Photo: Dave Holland
Jungle Jim Hunter
Jungle Jim Hunter – Crazy Canuck, Broadcaster, Coach
Whether you meet Jungle Jim Hunter in his broadcast studio, on the street or hear his message over the airwaves, you will turn away inspired.
With the zeal of a preacher, Canada’s first Olympic medal male alpine skier has carved out a career as a high-energy motivator. He’ll go to any lengths to drive personal improvement, whether his motivational charm is directed at a teenage sport prospect or a boardroom CEO.
“Motivation is my life mission. It’s my job to inspire, communicate and educate excellence in life to everyone I meet,” he says. “If I get on an elevator, even if I’m going one floor, I make it my mission to say something to lift someone up.”
Hunter, 62, made his name as one of the original Crazy Canucks, the Canadian alpine skiers of the 1970s known for their fearlessness on the World Cup ski tour. Raised on the flatlands of Shaunavon, Sask., Hunter won an Olympic and World Championship bronze medal in the combined event in 1972, but is probably best known for his unorthodox training methods. There is video of him in a ski tuck testing aerodynamics on the roof of a moving pickup truck; spinning inside the rim of a tractor wheel and practicing starts down a hayloft in the family barn. It was part of the fabric of a young man driven to exceed his limits.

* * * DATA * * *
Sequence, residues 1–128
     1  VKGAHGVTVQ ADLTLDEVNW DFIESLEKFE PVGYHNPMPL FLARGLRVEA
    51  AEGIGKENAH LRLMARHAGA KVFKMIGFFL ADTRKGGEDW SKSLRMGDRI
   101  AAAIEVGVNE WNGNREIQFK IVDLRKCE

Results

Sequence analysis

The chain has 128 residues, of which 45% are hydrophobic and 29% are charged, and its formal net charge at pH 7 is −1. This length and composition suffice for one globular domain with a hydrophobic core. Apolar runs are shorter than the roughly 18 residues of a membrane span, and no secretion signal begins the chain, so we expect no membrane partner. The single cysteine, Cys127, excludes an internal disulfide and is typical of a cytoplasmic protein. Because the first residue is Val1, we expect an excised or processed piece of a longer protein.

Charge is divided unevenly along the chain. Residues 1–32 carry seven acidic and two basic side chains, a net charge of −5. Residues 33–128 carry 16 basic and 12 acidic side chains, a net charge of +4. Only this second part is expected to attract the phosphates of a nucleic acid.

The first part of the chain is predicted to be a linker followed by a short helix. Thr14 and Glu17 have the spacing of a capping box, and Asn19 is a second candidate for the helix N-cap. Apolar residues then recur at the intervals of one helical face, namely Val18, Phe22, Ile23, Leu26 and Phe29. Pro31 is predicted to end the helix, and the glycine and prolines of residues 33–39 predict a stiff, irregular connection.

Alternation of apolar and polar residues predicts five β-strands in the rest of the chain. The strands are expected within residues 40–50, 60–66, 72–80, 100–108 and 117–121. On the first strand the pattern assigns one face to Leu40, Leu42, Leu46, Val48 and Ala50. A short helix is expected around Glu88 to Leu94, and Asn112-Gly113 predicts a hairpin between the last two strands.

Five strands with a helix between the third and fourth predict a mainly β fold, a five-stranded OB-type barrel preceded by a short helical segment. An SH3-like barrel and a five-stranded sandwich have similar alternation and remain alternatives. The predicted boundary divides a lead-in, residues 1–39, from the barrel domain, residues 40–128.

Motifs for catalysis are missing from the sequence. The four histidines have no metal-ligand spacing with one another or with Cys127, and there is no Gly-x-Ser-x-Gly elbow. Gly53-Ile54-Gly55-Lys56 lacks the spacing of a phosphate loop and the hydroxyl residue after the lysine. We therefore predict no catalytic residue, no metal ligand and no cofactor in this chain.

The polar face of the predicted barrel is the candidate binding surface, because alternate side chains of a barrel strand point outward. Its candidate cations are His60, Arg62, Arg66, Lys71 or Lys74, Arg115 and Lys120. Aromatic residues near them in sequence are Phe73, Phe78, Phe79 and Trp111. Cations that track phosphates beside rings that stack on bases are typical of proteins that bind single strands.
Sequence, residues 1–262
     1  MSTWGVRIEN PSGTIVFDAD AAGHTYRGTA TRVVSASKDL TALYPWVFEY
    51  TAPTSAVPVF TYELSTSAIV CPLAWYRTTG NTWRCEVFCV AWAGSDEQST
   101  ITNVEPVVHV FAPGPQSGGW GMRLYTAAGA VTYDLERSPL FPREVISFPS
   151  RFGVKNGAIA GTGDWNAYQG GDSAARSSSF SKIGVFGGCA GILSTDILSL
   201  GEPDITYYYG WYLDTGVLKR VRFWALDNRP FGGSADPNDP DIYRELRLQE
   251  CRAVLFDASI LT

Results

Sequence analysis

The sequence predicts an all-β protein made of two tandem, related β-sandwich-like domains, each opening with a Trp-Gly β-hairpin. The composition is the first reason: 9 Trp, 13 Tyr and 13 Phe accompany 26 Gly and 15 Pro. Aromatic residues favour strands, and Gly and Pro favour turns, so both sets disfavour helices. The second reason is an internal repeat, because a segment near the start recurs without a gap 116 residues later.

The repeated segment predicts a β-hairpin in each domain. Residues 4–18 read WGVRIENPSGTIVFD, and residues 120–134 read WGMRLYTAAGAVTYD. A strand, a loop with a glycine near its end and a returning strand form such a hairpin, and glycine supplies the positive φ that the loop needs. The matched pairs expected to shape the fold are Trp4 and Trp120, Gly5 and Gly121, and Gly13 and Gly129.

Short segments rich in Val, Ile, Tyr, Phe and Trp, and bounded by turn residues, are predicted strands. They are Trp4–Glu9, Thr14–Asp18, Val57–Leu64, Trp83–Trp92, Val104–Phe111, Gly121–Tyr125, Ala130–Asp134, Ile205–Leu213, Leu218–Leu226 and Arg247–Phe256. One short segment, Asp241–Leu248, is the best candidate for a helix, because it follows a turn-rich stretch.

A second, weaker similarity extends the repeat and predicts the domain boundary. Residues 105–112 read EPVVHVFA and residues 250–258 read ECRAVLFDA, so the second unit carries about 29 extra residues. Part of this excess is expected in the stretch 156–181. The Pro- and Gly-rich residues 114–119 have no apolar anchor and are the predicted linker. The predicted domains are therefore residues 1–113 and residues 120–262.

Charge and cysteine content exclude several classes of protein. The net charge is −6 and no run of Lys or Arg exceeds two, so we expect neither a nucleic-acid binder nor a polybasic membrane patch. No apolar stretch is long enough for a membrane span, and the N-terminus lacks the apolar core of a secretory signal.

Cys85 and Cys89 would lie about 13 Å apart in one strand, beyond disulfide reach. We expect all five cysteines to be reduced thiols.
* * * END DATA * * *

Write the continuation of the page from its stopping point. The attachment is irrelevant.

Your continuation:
Photo: Courtesy Jungle Jim Hunter
Jungle Jim Hunter
Jungle Jim Hunter – winner of the 1972 combined Olympic and World Championship bronze medal.
Hunter says outside the influence of his father and mother, B.C. ski coach Larry Nelles played a big role in pointing a ragtag teen to the pinnacle of sport. “You felt like he could look right through you. He could tell whether you were really connecting your head with your heart, or whether you were just doing push-ups.”
The greatest motivator is someone who touches the heart before the head.
“Understanding motivation is understanding the character of a person,” Hunter says. “The greatest motivator is someone who touches the heart before the head. Until you touch the heart, you aren’t really motivating someone.”
Olympic bobsleigh driver Christina Smith may be Jungle’s biggest fan. “The first time I met him he walked right into my life through his words that inspired my heart. Within a minute he had said enough that I knew I had so much more to bring to life, that it has energized me every day.” Smith is continuing her sporting journey, currently studying at the Olympic Academy in Sochi, Russia.
Hunter has established himself as a broadcaster, author, motivational speaker and performance coach. He counts more than 1.9 million words of script for his productions on Rogers Sportsnet radio and he’s in the process of turning his work into a series of motivational and performance books and videos.
The trilogy includes advice on spending time on task; how to raise a champion (the secret: get out of the way and let them fail); and sport literacy, understanding the difference between being athletically gifted and performance literate (those athletes who know how to win on race day).
“I’m not about winning. There’s only going to be one person atop the podium,” Hunter says. “Life is about what you’ve done with what you have, to determine how much you’ve grown, how much better am I today than I was yesterday, because that’s improvement.”